Beacon Press: Fighting for Recovery
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Fighting for Recovery

A People's History of Mental Health Care Reform

Author: Phyllis Vine

The story of the former patients and mental health care activists who created the recovery movement for people with a psychiatric diagnosis, from the 1970s to present day.

Conventional wisdom says that people with a serious psychiatric diagnosis are doomed to a dreary future. But in the 1970s, a number of former psychiatric patients rebelled against this vision and formed a mental patients liberation movement that would stretch the nation, challenge medical authority, and align with anti-war, civil rights, and women’s movements. Their rally cry: recovery was possible. Out of the abyss of chaos, dejection and hopelessness, came activism.

They started as an anti-psychiatry movement. Treatments had failed in the community because people like them, who society had once exiled, had been stuck in systems unresponsive to promoting rehabilitation and social integration. At the core of their movement were questions of power. How was it allocated and to whom? Who designed and defined services? And who would be served?

To drive change these ex-patients challenged other advocates: families, social service agencies, legal and medical professionals, and research psychiatrists. They fought to reform outdated state and federal laws and programs. Within 2 decades, they had created a liberation movement that advocated for self-help and peer service in local communities, and claimed recovery and rehabilitation were possible.

Recovery, for ex-patients, is a process of reclaiming a measure of authority over their own lives, by having active discussions about what’s essential to sustaining them while they achieve their goals. But recovery of any kind was thought to be incompatible with schizophrenia, bipolar disorder, or serious depressions in the 1970s. Tracing scientific and medical discoveries along with the activist movement, Fighting for Recovery shows that by the end of the century, this idea had begun to change even within the psychiatric establishment. Now psychiatric disorders were considered to be heterogeneous, not unitary and homogeneous. New drugs showed that symptoms once thought to be intractable were not, and research confirmed what the activists had long maintained: ex-patients helping one another to resume successful community living was the most successful model. Taken together, the accumulation of three thousand scientific studies led a surgeon general to conclude that recovery was possible. In 1999, a federal report to the nation by Surgeon General David Satcher said that treatments worked. The determination of activists, he said, had forced the world to open its eyes.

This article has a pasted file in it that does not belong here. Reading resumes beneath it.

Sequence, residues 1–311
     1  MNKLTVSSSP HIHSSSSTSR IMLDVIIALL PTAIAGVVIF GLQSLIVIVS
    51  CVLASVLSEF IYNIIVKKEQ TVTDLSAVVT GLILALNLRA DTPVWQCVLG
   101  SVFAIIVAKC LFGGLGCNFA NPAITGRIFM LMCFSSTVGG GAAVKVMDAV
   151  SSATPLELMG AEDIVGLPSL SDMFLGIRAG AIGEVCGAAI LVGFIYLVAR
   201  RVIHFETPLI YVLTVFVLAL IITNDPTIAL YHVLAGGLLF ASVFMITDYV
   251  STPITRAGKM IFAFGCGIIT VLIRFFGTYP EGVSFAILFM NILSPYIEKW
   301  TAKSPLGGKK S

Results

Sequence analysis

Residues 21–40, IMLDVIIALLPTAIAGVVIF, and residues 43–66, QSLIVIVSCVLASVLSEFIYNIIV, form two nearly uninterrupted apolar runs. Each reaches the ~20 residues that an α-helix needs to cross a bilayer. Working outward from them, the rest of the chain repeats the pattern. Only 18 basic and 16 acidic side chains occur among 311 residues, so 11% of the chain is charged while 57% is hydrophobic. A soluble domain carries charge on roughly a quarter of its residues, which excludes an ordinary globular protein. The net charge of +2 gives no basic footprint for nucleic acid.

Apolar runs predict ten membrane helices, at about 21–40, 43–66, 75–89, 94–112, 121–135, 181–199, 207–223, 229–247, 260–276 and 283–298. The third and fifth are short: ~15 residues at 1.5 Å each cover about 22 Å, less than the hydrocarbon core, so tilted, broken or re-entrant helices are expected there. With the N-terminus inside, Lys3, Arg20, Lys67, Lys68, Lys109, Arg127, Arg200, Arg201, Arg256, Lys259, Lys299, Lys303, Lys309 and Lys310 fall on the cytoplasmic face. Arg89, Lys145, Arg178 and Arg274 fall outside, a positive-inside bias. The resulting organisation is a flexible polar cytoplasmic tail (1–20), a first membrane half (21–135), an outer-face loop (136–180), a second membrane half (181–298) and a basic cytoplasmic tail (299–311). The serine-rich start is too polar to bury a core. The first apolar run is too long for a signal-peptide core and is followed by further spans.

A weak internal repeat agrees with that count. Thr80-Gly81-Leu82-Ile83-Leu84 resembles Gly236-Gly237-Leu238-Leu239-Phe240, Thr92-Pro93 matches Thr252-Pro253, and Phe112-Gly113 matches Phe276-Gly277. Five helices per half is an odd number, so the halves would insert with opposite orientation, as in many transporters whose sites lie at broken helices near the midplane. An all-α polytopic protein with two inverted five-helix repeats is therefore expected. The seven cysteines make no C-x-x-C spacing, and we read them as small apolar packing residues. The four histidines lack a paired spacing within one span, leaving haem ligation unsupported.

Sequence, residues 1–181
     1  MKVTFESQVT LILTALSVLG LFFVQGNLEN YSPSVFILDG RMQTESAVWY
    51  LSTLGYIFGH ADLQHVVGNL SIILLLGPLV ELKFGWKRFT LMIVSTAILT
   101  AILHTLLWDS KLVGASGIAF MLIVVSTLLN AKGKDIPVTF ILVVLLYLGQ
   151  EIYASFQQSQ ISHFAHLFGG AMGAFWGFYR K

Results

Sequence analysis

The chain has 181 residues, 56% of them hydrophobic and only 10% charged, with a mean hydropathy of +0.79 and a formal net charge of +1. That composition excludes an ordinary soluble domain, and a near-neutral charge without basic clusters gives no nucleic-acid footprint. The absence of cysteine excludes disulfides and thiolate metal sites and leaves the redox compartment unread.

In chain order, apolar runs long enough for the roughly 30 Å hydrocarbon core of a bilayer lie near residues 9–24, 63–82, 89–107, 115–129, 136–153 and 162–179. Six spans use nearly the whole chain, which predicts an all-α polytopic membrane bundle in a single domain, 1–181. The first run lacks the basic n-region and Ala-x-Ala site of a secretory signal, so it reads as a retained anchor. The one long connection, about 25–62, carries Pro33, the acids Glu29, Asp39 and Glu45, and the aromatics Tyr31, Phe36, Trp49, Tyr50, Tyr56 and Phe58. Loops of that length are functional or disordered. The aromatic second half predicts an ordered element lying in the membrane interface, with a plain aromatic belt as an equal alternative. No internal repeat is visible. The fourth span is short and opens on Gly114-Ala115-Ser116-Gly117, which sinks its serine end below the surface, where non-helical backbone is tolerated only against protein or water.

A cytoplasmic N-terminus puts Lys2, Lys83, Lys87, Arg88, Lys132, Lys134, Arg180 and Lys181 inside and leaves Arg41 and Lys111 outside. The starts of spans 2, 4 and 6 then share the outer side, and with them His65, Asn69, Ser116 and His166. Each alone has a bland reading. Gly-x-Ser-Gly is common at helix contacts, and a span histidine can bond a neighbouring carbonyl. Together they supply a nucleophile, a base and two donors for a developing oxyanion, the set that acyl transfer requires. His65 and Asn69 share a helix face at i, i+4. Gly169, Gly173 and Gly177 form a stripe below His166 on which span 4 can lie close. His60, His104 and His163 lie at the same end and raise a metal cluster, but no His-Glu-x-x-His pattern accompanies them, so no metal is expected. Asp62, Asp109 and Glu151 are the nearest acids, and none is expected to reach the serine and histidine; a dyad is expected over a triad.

But knowing what needs to be done for people with a psychiatric challenge to recover is different from doing it. Noting the vast numbers of people of psychiatric illness in jails, prisons, on the streets, or simply underserved, Fighting for Recovery demands that we use the knowledge we have to dismantle programs built on flawed and outdated assumptions and provide services where none exist.
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Fighting for Recovery

ISBN: 978-080707961-4
Publication Date: 1/18/2022
Size:6 x 9 Inches (US)
Price:  $28.95
Format: Cloth
Not Yet Published
Will Ship On: January 2022
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